The question raised in this appeal from a criminal conviction is whether the Government's evidence was obtained in violation of the use immunity that had earlier been granted to the defendant, Ferdinand (Fred) Romano, under 18 U.S.C. §§ 6001-6005. Twice in the spring of 1976, Romano had testified under an order of immunity in sessions of the Senate Subcommittee on Spending Practices, Efficiency, and Open Government a subdivision of the Senate Committee on Government Operations regarding the practices of G & G Packing Co., Inc., and Blue Ribbon Frozen Food Corp., Inc., sister companies that supplied the Department of Defense with over a million dollars worth of beef. Thereafter, Romano was tried and convicted by a jury on 27 counts of conspiring with other officers of G & G and Blue Ribbon to purchase for supply to the military a lesser grade of beef than required to satisfy military meat inspectors; giving or offering a thing of value to military meat inspectors; and concealing a material fact concerning the quality of the meat, in violation of 18 U.S.C. §§ 201(f), 371, 1001 and 1002.
Before trial, the district court held a three-day hearing in response to Romano's motion to dismiss the indictment or suppress evidence on the ground that the Government's evidence was obtained in violation of his immunity grant, See 18 U.S.C. § 6002.1 After the hearing, the court denied Romano's motion, and subsequently reaffirmed its decision in a Memorandum and Order entered on December 14, 1977, after verdict was rendered. The court ruled that "the United States had met the heavy burden imposed by Kastigar v. United States, 406 U.S. 441, 460-62 (92 S. Ct. 1653, 32 L. Ed. 2d 212) (1972), and had shown that the source of the evidence that the Department of Justice intended to use in the Romano prosecution originated from sources completely independent of Romano's immunized Senate testimony." The district court also found that a proffer of evidence made in October 1975 by Romano's counsel to members of the Subcommittee in order to obtain a grant of immunity was not the source of any evidence relied on by the Government either before the grand jury or at the trial, and, additionally, that the information contained in the proffer was not insulated from Government use by the terms of § 6002 or the Kastigar decision. On appeal, Romano vigorously assails these rulings. We affirm.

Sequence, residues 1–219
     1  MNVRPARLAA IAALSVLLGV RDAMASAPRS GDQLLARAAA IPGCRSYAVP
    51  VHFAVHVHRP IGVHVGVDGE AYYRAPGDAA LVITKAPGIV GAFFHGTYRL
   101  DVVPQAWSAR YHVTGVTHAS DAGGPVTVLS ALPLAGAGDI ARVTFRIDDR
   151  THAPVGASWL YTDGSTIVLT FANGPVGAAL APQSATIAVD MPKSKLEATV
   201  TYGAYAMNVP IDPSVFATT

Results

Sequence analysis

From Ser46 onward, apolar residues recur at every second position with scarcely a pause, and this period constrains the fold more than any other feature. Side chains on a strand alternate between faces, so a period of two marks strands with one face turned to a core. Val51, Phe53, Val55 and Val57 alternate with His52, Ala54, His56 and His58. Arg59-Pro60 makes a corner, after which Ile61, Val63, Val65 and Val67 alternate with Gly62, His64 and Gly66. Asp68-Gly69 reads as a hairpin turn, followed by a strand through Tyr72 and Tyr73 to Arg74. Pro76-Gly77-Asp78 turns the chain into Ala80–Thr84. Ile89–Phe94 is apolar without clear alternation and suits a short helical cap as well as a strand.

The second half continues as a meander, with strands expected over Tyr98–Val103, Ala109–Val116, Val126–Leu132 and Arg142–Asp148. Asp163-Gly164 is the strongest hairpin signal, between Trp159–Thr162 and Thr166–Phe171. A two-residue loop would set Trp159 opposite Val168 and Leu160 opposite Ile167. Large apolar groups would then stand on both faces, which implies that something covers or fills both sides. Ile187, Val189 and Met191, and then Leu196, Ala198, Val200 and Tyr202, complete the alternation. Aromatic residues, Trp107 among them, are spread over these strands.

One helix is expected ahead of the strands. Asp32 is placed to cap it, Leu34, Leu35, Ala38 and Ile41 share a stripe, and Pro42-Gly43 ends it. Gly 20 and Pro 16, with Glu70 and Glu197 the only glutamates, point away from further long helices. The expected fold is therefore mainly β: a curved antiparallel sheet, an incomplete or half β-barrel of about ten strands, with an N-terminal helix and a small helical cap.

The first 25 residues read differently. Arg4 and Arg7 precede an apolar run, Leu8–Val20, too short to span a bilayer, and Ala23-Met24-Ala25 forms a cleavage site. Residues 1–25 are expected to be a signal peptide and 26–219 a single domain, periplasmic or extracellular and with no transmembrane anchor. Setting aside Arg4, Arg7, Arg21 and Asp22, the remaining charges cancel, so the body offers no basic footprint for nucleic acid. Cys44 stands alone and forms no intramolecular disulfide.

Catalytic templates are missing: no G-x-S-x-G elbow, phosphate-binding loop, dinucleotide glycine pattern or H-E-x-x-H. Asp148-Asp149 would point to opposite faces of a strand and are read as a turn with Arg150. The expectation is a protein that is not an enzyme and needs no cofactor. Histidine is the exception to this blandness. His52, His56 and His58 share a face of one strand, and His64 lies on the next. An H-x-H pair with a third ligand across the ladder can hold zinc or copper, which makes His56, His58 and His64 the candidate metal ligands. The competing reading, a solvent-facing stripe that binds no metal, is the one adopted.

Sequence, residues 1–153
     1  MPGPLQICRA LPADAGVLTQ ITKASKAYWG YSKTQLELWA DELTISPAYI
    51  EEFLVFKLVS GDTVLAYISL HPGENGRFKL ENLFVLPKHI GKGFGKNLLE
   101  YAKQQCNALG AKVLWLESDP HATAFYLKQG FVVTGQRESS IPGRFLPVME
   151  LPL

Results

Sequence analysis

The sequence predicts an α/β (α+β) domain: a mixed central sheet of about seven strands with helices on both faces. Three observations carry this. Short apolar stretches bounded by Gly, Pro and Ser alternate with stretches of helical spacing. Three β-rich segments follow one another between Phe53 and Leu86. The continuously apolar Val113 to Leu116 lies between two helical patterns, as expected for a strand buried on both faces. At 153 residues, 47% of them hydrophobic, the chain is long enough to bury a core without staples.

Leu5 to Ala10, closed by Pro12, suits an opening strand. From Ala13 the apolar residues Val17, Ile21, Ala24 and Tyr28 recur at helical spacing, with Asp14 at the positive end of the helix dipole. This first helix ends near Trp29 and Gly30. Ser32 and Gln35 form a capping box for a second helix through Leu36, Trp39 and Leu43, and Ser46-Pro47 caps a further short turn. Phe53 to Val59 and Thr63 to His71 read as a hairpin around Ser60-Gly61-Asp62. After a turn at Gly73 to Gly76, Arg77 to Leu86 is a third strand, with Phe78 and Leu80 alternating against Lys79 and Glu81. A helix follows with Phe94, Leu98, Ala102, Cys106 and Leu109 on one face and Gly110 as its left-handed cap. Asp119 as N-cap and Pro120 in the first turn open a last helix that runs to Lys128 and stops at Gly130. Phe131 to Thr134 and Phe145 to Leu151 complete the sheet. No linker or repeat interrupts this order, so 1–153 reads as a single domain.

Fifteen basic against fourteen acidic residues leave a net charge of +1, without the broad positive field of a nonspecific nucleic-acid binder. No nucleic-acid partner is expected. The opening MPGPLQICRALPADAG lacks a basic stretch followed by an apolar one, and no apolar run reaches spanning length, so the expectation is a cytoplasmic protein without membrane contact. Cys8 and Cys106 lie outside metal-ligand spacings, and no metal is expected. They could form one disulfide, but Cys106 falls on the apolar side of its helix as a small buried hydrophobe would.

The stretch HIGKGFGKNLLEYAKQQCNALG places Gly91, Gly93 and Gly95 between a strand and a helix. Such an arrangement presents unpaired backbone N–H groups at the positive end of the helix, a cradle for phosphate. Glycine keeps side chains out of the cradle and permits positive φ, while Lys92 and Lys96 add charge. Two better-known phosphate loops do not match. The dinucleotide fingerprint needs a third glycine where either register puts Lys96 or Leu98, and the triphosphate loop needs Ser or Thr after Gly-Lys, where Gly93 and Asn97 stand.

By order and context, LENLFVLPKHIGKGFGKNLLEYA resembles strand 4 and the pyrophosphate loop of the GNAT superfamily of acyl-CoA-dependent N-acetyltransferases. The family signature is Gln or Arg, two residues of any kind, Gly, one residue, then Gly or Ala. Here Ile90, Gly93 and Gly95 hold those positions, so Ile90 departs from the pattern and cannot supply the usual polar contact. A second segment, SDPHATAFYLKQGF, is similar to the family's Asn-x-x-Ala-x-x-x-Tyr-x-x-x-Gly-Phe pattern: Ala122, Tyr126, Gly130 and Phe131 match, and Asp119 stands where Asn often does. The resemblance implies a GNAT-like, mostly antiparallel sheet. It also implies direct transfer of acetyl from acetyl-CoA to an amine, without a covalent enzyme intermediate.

At trial the Government's evidence revealed the following. Blue Ribbon and G & G were in the business of supplying meat to the Department of Defense, under government contracts. They were owned by Harry Goldberg and David Frank Goldberg, who also had a substantial role in day-to-day operational decisions. Appellant Romano and one Frank Ravasini served respectively as general manager and assistant general manager of G & G. Stephen Goldberg, son of Harry Goldberg, ordered and purchased beef to be processed at G & G. Edward Kehl and William Johnson were appointed quality control representative and foreman of general help at G & G after it began operations in the spring of 1974. G & G, a Massachusetts firm, did preliminary processing of raw beef, which was sent to Blue Ribbon in Connecticut for further processing before it was shipped to the military.
During the latter half of 1974, Romano, Harry Goldberg, David Frank Goldberg, and Frank Ravasini determined to increase G & G's profits by substituting ungraded and inferior cuts of beef for those specified by the Department of Defense. Bribes were arranged between G & G and Charles Reidinger, an Army officer in charge of assigning inspectors to the G & G plant, and Manuel Pacheco, Nadja Hoyer-Booth, and Sharon Dalton, three inspectors. In 1974 and 1975, those officers received cash payments, meat, liquor, clothing, and other offerings in kind in return for less than rigorous examination at the plant. The Government, in the meanwhile, paid G & G over $895,000 more than the meat it received was worth.
Testifying against Romano at trial were both Goldbergs, who had earlier pleaded guilty to similar charges, Johnson, Edward Kehl, and the inspectors Hoyer-Booth and Pacheco.2 Additionally there was expert testimony and documentation that the meat supplied by Romano's company was below specification. No defense was offered. On November 17, 1977, after a four-day trial, the jury returned verdicts against Romano on 27 counts.